In the audit, people received testosterone through gels and injections into their muscles. And, as per the rules, those getting TRT should have check-ups at 3, 6, and 12 months after they start, and then once a year.

The research findings were what experts expected. They knew that testosterone could help build muscle, and not having enough muscle can make it easier to get type 2 diabetes. Usually, when people have insulin resistance (a big part of diabetes), they're advised to eat fewer carbs, take a medicine called metformin, and do strength training exercises.

Now, because of more extensive studies, there might be more interest in looking at testosterone levels in men with type 2 diabetes and low testosterone. But here's the tricky part: it's hard to tell if low testosterone caused the diabetes or the other way around. That's why doctors who specialise in hormones (endocrinologists) are being careful about using testosterone replacement therapy, especially when it comes to heart risks that were linked to it before.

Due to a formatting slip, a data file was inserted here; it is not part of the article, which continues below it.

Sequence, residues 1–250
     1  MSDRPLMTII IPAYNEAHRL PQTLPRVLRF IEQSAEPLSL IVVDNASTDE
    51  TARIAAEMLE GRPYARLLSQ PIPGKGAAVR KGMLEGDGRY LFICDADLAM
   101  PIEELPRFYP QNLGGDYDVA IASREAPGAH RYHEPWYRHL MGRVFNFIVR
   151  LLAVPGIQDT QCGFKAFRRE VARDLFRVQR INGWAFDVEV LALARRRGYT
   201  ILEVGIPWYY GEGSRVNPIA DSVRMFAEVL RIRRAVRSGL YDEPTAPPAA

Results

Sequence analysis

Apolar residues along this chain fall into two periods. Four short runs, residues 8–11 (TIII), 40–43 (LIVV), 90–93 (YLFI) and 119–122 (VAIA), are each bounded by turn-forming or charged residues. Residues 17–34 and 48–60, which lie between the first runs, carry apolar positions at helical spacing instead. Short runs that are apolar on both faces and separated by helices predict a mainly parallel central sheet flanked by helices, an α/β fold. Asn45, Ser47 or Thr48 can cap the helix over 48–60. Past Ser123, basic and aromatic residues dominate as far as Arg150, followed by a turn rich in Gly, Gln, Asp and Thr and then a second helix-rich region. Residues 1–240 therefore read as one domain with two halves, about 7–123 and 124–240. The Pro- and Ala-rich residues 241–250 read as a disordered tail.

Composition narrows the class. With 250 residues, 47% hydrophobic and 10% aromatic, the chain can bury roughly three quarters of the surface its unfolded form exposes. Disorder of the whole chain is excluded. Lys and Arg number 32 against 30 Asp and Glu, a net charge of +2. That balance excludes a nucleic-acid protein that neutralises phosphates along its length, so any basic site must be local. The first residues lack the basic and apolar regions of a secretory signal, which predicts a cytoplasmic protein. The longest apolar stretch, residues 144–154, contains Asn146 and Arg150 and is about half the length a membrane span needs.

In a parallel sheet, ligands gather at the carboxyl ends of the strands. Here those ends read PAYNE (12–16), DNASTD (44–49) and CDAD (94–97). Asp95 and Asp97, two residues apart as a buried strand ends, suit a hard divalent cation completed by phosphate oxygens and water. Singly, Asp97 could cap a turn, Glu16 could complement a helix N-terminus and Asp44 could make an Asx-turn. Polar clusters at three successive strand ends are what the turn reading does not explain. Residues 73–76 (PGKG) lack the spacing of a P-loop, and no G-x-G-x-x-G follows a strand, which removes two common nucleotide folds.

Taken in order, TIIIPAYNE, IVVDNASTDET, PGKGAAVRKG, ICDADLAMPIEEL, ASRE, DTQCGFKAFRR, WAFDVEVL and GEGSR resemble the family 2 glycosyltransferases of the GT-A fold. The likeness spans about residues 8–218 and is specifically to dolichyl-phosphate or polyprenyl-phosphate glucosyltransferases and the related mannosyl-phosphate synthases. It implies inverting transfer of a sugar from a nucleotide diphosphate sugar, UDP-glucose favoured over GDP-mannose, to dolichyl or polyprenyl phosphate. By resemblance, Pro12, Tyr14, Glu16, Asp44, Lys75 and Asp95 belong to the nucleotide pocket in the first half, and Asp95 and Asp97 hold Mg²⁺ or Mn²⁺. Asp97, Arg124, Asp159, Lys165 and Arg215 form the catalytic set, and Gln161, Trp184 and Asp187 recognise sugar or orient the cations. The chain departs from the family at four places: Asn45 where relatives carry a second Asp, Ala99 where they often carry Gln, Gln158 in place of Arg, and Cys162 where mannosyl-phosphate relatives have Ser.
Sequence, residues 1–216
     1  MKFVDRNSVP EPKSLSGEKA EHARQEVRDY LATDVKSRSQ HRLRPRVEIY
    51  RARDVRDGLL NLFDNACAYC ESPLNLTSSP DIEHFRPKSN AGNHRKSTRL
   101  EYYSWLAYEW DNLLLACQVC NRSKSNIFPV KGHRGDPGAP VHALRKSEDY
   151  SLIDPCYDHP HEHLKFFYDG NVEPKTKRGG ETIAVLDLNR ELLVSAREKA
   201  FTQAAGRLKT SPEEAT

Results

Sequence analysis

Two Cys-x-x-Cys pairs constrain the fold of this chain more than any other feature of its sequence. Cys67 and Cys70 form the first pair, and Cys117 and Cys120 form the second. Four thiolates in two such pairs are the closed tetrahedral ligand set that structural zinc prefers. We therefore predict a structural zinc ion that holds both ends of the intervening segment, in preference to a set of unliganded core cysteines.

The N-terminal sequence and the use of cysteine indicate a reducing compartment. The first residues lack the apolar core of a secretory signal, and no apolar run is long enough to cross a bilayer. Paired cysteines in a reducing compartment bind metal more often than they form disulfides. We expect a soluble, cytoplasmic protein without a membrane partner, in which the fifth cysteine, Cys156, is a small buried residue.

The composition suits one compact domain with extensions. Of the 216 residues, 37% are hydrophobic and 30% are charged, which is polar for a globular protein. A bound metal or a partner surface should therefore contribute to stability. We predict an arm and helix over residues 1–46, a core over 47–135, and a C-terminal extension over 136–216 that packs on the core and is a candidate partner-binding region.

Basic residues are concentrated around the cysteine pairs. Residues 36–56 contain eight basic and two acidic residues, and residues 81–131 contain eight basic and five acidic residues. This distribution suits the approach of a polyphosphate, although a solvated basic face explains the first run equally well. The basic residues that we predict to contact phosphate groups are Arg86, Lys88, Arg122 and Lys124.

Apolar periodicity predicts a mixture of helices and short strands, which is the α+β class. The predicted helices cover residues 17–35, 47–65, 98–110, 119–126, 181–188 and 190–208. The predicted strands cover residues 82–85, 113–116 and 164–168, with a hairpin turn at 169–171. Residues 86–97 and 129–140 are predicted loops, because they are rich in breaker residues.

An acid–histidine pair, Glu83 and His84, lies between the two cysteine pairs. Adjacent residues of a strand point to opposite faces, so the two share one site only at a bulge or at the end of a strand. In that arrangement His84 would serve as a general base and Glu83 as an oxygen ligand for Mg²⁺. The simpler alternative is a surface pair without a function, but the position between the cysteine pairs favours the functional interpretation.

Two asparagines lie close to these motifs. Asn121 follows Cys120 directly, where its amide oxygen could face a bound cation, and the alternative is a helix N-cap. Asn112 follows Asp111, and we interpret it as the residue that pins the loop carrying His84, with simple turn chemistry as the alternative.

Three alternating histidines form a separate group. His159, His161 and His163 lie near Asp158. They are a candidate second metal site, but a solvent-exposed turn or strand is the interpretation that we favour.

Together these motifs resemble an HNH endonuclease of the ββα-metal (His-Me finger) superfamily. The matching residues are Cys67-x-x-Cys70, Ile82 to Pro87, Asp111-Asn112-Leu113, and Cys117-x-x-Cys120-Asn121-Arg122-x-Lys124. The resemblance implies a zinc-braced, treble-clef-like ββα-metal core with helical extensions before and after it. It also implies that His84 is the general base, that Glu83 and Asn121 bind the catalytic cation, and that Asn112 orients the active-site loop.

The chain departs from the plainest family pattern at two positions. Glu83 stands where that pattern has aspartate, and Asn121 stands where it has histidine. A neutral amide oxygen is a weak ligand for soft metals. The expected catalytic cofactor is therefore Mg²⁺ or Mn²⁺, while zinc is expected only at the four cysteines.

Who Can Benefit From Testosterone Therapy?

Both men and women can benefit from optimising their testosterone levels, which tend to decline starting in their mid-30s. This decline can have significant effects on health.

Low testosterone can cause muscle loss, speed up ageing, and contribute to age-related conditions like diabetes, heart disease, and Alzheimer's disease. Both men and women should be concerned about declining testosterone levels.

Low testosterone in men (called male hypogonadism) is linked to metabolic syndrome, which includes insulin resistance, a common issue in the US. Testosterone helps reduce insulin resistance, which often leads to weight gain, increased estrogen production, and inflammation, raising the risk of heart attacks and strokes.

Optimising testosterone levels can also improve energy, mood, libido, and sleep quality. Feeling better can encourage people to make healthier choices, like eating better, exercising, and improving relationships.

If you need consultations, Mobi Doctor is here to assist you with expert medical advice and guidance.